I love laughter. I love laughing, and even more, I love helping people laugh. Ever since I can remember I was drawn to laughter. It first started with a live album by a Christian singer named Sandi Patty; yes, this is as dorky as it sounds. I was about six years old and my sister, who was eleven, had a singer loved by old people (I blame my sister for making me dorky). The tape was played at a safe and reasonable level (okay, my whole family was dorky, so it wasn’t completely my sister’s fault), and it was playing in our car’s tape deck; a feature my family was very proud to have because it was the 80s, and the tape deck was a big deal along with the VHS player my dad was allowed to borrow from work over the summers (we thought we were cool). I don’t remember anything lyric wise from the singer’s music, and I wouldn’t even recognise any of her songs if I heard them today, but she said this one line between songs that has stuck with me for over thirty years: “My dentist’s name growing up… ready?… Dr. Molar.” As a six year I had no idea what a molar was, but the audience roared, you know, the way old people do at jokes that aren’t so funny but when you’ve grown up in a sheltered, uptight. church mindset, this joke is gold. This was the first time I heard an audience laugh and it was amazing. I re-listened to that moment a bunch of times, and even went to the church library and asked to borrow the tape where Sandi Patty made the molar joke. The church librarian just stared blankly at me and I left confused: “How doesn’t she know? It’s like the best thing ever!” Fortunately, I started branching out to actual comedians. Of course, I was still a Christian kid in the 80s who was only allowed to watch Disney movies and anything family oriented before the 60s, so I got into the Three Stooges, the Marx Brothers, and Abbott and Costello. Actually, I didn’t get into them as much as the biographies talking about them because I didn’t get most of the jokes, but the highlights were decent and I loved hearing the audiences laughing. Later, I tried to get into Monty Python… I still don’t get them. In the 90s, Mr Bean and Rowan Atkinson’s live material blew me away, and eventually in my 20s I finally got into real stand up comedians like John Mulaney, Mike Birbiglia, T.J. Miller, Kyle Kinnane, Daniel Tosh, John Heffron, and Dan Cummins. Watching these pros has helped teach me timing, performance, and how to write and say a joke, which I now use to help make people laugh whenever I can. Laughing to me, is one of the greatest gifts we’ve been given. Unfortunately, like any God given gift (e.g. taste, sex, emotions, etc.), it can be a blessing or it can get us into trouble.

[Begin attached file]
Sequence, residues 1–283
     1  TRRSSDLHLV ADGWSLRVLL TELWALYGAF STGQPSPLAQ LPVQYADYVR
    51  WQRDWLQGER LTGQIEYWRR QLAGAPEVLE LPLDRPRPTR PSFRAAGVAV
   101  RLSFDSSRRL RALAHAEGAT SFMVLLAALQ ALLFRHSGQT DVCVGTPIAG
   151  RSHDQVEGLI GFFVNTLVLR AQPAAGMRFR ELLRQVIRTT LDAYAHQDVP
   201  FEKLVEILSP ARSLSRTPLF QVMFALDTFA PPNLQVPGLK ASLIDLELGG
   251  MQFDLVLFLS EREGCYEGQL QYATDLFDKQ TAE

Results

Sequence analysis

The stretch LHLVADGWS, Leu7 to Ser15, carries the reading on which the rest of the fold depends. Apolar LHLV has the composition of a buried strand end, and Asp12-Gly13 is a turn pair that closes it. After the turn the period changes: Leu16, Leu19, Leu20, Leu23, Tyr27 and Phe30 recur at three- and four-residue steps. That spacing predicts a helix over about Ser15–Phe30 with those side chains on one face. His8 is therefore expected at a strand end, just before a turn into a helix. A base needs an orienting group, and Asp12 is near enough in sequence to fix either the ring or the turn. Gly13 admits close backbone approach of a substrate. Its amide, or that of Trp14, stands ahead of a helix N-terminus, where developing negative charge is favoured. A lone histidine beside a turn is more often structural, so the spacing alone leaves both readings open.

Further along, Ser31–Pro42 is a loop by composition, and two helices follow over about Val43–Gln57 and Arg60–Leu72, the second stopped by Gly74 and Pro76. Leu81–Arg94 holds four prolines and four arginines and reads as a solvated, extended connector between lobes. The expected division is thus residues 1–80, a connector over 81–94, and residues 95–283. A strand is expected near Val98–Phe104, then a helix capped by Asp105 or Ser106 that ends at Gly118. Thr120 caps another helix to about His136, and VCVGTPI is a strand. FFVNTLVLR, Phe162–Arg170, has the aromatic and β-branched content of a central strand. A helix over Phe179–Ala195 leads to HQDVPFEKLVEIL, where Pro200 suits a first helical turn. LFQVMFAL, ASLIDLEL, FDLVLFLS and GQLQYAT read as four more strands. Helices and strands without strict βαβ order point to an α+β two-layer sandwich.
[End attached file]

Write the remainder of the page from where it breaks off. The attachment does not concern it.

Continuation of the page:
One of my favourite moments growing up follows this idea. Being a “good Christian” my dad was very “proper” with his kids, but he was apparently very funny teaching adults in Sunday school (think Sandi Patty humor) and with certain friends. I almost never saw this side, but when I was 15, I was on a family trip to the science center in Sudbury (once a dork always a dork), and while we waited to be let into the Omnimax theater, two very bulbous women walked… or, to be more accurate, waddled in both carrying a large pop in one hand and a large popcorn in the other. At that moment my dad whispered to us, “You can tell those women like popcorn because they’re popping out all over.” My mom was a mom and scolded him: “Rae!!!” While my brother and I laughed hysterically. It’s one of my favourite moments growing up, and yet it’s a joke that might be offensive to some people; it certainly would’ve been mean if my dad said it so those ladies could hear. So what do you do with comedy when it can be offensive? Joking can be put in 4 main camps:
- Aggressive: to hurt someone or impress one person at someone else’s expense
- Passive Aggressive: to give a hidden message or cut someone down
- Passive: to hide pain
- Assertive: to heal and bond (my dad’s joke was assertive since it was between us and about being fun and not hurtful)
I typically find guys very good at joking to be assertive, at least with friends, because we learn at an early age it’s safer to joke than to be vulnerable with our feelings. My dad joking with us was one such moment, and it felt like in that instance that he trusted us enough to joke; he was essentially treating me like a friend, which was huge for me. Women, on the other hand, tend to be better at being vulnerable and tend to be weaker at joking assertively. This, of course, can easily get guys into trouble as they try to bond with a woman through joking, but the woman takes it as an insult. Regardless of our strength at joking, it’s important for everyone to realize the different ways we joke to better understand where we or the other person might be coming from. We need to be careful not to assume the other person is trying to hurt us because that might not be the case at all. At the same time, we should only joke as a way to heal and bond in order to help those around us to better assume our intention is positive. If we ever joke passive aggressively or aggressively, it will break the trust people need to assume our positive intentions. Joking is something we need to respect and use as a way to connect with people, and not tear apart. If you’re not sure if someone is being nice in their joking simply ask: To clarify, are you to trying to hurt me or be funny? The odds are they’re just trying to connect, but if they are being mean this will force them to check their behavior. Joking needs to be respected, and it’s up to us to help it be used to heal and bond.
This week may you find some great joking moments.
Rev. Chad David, ChadDavid.ca, learning to love dumb people